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NEAR TRUTHS:
FROM HERE TO '22

A STEEP CLIMB TO DAYLIGHT: Despite the hope that was nurtured last year, 2021 is going to be a rough ride for the live sector.

With terrible COVID surges and a slower-than-expected rollout of vaccines, the concert business will have to proceed with baby steps for the time being. At best, most insiders feel, touring will make a gradual return, enough to begin the process of recovery from the 2020 shutdown but not sufficient to offset it.

Artists, managers, agents, promoters, attorneys and others involved in the process are nonetheless committed to doing everything possible to get things in motion and save the business. The belief is that while 2021 will offer only marginal gains, it will set the stage—so to speak—for a phenomenal return in 2022. Indeed, the feeling among key players is that the summer of ’22 could be the biggest in the history of touring, as pent-up demand can finally be met. Visualize one sold-out stadium show after another, with post-pandemic confidence and thirst for communal celebration driving a brand-new boom.

TERMS OF ENGAGEMENT: But in order to get there, it is widely agreed, everyone is going to have to take a haircut. There will be some money, but not boffo money. Terms will be less favorable and guarantees less lavish. For now, the task is to join forces to get acts on the road and earning again, wherever it’s feasible and reasonably safe to do so.

Guarantees are said to have been lowered across the board at certain high-profile festivals, such as Coachella, Lollapalooza and Glastonbury, while some smaller ones that depend more on headliners have been more flexible. It’s understood that promoters (who’ve lost untold millions during the shutdown) cannot assume all risk in this uncertain climate.

That said, with priority for headlining slots in 2021 going largely to performers whose planned 2020 festival appearances were cancelled, a huge backlog has formed. The acts seeking the few available festival slots, and those that have confirmed the move to the same slot in 2021, are therefore subject to such less-than-friendly terms as reduced guarantees and even attempts to claim monetary penalties if certain conditions are not met, broadcast rights not granted or higher-than-usual merch splits not agreed to. But all participants are being urged to move ahead nonetheless, to get things rolling.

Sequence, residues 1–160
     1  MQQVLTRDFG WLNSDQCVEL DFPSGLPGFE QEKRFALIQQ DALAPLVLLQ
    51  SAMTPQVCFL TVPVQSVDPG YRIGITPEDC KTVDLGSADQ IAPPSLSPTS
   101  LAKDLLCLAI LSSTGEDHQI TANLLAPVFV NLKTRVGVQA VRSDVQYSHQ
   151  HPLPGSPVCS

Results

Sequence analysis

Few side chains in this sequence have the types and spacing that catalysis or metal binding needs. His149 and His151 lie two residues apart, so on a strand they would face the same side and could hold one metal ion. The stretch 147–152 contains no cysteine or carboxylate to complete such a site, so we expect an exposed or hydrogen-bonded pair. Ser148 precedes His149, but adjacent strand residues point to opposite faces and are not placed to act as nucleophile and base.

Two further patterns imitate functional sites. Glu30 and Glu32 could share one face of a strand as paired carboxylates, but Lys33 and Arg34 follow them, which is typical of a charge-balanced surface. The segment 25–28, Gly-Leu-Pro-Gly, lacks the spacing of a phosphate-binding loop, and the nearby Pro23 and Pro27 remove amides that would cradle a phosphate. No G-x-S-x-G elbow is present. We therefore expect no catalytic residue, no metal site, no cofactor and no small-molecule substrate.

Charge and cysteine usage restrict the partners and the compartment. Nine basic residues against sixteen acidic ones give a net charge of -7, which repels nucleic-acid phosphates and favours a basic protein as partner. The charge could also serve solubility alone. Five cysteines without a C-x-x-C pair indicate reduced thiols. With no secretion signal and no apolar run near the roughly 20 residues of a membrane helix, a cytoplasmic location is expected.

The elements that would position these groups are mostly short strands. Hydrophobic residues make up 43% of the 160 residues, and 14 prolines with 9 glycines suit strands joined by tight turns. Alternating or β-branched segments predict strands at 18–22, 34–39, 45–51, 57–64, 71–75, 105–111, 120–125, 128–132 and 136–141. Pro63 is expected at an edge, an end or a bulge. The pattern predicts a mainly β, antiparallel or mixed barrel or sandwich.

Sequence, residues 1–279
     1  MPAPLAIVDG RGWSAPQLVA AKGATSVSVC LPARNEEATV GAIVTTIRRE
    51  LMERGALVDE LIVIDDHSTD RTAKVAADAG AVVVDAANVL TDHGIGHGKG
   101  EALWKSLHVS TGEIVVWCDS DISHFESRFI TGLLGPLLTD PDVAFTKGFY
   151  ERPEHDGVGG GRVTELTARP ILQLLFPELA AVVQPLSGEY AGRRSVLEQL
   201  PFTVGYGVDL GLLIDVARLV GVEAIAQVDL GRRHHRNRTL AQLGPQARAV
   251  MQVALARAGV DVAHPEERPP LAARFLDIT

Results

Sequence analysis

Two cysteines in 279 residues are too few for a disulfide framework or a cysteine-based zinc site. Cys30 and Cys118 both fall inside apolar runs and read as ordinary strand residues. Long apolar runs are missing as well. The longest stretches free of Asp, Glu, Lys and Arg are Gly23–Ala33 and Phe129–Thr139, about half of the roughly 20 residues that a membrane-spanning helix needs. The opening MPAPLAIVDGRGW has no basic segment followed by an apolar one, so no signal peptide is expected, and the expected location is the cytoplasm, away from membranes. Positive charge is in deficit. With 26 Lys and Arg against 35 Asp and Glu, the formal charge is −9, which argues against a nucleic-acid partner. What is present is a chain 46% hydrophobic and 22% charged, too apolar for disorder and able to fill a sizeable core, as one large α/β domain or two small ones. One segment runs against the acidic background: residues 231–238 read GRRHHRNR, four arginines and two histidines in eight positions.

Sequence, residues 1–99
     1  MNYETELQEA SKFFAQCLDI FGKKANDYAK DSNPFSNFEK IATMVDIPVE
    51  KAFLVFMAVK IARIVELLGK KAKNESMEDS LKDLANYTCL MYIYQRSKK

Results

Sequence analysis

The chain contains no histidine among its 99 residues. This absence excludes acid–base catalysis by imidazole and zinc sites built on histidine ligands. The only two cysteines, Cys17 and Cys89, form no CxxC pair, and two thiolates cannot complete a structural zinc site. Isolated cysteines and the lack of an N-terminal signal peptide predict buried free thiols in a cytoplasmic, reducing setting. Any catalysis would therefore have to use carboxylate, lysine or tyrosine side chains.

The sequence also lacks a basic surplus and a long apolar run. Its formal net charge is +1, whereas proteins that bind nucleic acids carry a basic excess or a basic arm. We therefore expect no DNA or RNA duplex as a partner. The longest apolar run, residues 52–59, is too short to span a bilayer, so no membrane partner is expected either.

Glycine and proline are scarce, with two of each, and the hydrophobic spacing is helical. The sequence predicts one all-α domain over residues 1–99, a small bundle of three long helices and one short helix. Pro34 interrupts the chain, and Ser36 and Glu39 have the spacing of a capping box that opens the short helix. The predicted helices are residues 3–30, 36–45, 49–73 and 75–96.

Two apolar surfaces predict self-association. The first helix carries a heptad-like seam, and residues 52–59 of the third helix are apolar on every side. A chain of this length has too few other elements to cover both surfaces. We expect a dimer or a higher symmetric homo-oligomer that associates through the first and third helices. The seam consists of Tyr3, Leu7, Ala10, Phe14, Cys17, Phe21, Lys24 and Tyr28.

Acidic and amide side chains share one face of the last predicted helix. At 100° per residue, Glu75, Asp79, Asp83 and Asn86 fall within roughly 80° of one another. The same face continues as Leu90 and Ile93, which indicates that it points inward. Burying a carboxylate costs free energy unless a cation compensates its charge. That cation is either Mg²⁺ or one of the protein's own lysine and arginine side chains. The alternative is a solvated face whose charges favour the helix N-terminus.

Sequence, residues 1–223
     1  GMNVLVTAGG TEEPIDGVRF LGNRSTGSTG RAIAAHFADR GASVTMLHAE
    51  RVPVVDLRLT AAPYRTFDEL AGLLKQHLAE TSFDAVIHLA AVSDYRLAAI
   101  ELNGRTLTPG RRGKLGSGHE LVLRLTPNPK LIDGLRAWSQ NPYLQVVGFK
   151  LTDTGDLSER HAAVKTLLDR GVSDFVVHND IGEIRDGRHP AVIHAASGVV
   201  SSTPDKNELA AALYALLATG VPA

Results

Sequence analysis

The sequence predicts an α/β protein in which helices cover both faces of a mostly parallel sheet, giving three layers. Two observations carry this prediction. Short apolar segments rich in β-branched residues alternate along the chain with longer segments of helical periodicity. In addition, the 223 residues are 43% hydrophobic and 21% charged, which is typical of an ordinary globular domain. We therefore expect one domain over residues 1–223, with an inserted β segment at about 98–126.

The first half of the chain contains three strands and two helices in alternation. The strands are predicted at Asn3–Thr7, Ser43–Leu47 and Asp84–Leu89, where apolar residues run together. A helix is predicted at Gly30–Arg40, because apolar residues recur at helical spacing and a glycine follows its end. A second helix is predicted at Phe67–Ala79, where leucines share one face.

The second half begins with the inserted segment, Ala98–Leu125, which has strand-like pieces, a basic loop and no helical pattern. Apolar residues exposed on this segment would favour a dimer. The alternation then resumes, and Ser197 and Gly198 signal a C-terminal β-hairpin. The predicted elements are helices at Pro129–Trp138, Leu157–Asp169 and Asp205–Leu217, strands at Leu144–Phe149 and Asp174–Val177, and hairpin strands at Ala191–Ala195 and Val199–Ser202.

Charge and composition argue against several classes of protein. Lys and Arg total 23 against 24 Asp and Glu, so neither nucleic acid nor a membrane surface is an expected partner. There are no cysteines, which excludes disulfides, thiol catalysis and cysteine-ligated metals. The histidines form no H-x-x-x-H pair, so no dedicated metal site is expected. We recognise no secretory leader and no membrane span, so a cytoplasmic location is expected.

We’re told by agency sources that Michael Rapino’s Live Nation, Jay Marciano’s AEG and the other top promoters are still sorting out their contracts with reps from CAA, WME, Paradigm, UTA and other agencies. Indie promoters and events are said to have begun circulating theirs. We understand the latter typically include what some artist reps consider very lopsided terms, which are nonetheless vital to covering the losses of the last year and will help to offset some of the risks of the coming year.

Another strategy, currently being floated by Lollaplaooza, for one, is a 25% cut to guarantees across the board, with bonuses if certain attendance numbers are met. If an act—no matter how big—declines the terms or the offer, they say they’ll move on.

It's certainly now a promoters’ market, given the mad competition for slots in an uncertain world. Promoters lost a mountain of money last year and don’t yet know when the various territories they tour will fully reopen. Given the uncertainties of 2021, some of these promoters are trying to share some risk with the acts.

NEXT STEPS: Artists who were poised for their first-ever arena tours when COVID struck may face some challenging decisions. After this long a delay, does it make sense to try to resume those long-postponed arena dates, or is it more advisable to return to sheds until business really heats up again?

For other artists, though, it would seem the shutdown has only heightened anticipation. Dua Lipa is widely considered to be the preeminent pop act in this regard, and biz watchers think her next tour is likely to be a blockbuster.

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